Mental fatigue can be defined as a sensation of tiredness accompanied by deterioration in performance caused by prolonged periods of cognitive activity. Since the late 1800s, many researchers have analysed the effects of prolonged cognitive activity, involving memory, judgement, reasoning and other mental abilities. There are dozens of studies which prove mental fatigue can cause a fall in our work-related memory (that deals with the management and organisation of information) and a general deterioration in individuals’ mental ability.
Mental fatigue is also defined as “mental burnout” or “mental fog” and is a problem for all those, young people and adults, workers and students, whose jobs are mainly based on cognitive functioning. When we are overloaded with cognitive tasks to complete in a limited timeframe, mental fatigue and its effects set in.
What are the main causes of mental fatigue?
A hectic lifestyle inflicts stress on our minds, just like excess stimuli and so called “multi-tasking”. Our mind was not created to perform multiple tasks at the same time. They say that our brain and our body are one, and in this case it’s necessary to recognise the alarm signals that are being communicated to us. Let’s take a look at the main ones:
it’s happened to everyone at least once; being so tired that you can’t fall asleep. A change in sleep cycle (sleeping too much or too little) is one of the primary indicators to consider, as sleep impacts directly on our mental health.
Problems of memory:
Our brain struggles to retain information if it doesn’t get the right amount of rest. If you have to write everything down in order to remember it, this could also be a sign. Remember that your brain is like an Internet browser; the more tabs you have open, the slower it operates.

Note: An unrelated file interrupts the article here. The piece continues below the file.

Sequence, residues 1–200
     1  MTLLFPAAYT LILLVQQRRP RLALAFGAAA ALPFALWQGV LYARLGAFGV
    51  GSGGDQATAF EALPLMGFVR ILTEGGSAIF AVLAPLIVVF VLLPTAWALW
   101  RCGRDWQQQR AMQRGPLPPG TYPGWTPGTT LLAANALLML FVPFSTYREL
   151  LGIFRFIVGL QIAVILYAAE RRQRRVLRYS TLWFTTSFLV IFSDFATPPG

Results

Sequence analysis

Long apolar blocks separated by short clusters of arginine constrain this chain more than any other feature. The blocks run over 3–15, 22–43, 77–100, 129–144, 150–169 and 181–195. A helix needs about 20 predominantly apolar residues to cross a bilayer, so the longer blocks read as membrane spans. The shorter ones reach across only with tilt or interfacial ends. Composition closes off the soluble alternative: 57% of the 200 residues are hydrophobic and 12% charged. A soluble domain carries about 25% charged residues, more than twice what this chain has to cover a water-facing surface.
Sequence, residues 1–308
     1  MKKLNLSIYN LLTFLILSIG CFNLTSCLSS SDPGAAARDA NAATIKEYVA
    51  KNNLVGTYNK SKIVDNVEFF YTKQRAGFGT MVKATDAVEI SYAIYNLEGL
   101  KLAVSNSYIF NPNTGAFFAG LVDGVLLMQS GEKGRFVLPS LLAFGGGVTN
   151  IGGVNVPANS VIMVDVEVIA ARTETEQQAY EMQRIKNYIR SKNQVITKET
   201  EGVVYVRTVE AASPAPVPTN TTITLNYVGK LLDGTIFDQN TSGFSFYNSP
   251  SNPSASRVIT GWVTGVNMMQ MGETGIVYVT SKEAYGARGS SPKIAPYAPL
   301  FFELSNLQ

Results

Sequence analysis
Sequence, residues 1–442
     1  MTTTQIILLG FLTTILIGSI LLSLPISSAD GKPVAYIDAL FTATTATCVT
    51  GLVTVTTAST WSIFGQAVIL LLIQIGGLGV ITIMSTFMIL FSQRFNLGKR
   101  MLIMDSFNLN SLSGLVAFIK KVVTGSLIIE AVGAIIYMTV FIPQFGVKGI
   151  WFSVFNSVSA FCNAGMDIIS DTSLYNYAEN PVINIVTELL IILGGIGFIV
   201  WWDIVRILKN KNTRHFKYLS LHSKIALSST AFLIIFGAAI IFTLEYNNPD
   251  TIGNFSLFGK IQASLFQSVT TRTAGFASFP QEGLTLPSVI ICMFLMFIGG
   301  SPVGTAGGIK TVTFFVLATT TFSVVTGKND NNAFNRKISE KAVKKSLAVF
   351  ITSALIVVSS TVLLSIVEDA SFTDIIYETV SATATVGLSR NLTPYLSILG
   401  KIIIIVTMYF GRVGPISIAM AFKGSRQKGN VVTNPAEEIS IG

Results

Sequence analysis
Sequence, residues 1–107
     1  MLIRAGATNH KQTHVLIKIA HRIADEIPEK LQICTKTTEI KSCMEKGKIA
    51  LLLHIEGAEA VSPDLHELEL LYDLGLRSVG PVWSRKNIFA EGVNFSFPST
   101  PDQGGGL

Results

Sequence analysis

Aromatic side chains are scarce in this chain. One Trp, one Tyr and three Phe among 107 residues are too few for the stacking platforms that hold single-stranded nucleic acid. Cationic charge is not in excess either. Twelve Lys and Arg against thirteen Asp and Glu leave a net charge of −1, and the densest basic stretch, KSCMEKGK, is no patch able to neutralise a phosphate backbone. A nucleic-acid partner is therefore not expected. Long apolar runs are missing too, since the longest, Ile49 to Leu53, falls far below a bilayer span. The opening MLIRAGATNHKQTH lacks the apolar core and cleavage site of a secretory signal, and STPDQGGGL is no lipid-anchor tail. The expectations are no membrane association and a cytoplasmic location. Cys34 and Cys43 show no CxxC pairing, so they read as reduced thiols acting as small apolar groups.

Difficulty in maintaining a suitable level of concentration for long periods of time or having to ask the same thing more than once can be another alarm signal caused by the brain struggling to process new information.
Mental fatigue is often associated with anxiety and changes in mood. It can lead to a lack of motivation that poses a serious problem for those needing to work effectively.
Excessive emotional sensitivity:
An increase in feelings of irritability, anger, sadness and other negative emotions can be noted.
Like sleep, diet can be affected by mental fatigue. Reduced appetite, or the opposite, an excessive consumption of junk food, can be signs that our body is not reacting properly to stress.s
Mental fatigue can cause various physical problems: headache, gastric pains, nausea and diarrhoea are most common but in more serious cases an increase in blood pressure, laboured breathing and a general state of confusion can be observed.
To fight mental fatigue it’s necessary to eliminate the root causes – reducing or completely eliminating the source of excess loads on our brain. It’s also important to try to follow a healthy lifestyle that takes account of nutrition, rest and physical exercise (preferably outdoors). More often than not, completely removing the source of excess pressure isn’t always possible but we can attempt to reduce this by using products that help us in overcoming moments of difficulty.
There are products available derived from natural sources that can contribute to combatting the problem of mental fatigue. The main substances are:
Ginseng is a root used for centuries in the East for its antioxidant properties and as a tonic for physical and mental fatigue.
Bacopa is perhaps a less well-known plant but no less useful. It is a fundamental element in Ayurveda for mental tiredness and cognitive functions.
The following vitamins and minerals provide comprehensive support:
Phosphorous, promotes memory and concentration.
Magnesium, niacin and vitamins C, B6 e B12 reduce tiredness and fatigue and contribute to the normal functioning of the nervous and psychological systems.
Iron contributes to normal cognitive function and reduces fatigue.
Vitamin B2 (riboflavin) helps the absorption of iron, to reduce tiredness and fatigue and contributes to the normal functioning of the nervous system.
Vitamin B1 (thiamine) contributes to the normal functioning of the nervous and psychological systems.
Zinc contributes to normal cognitive function.
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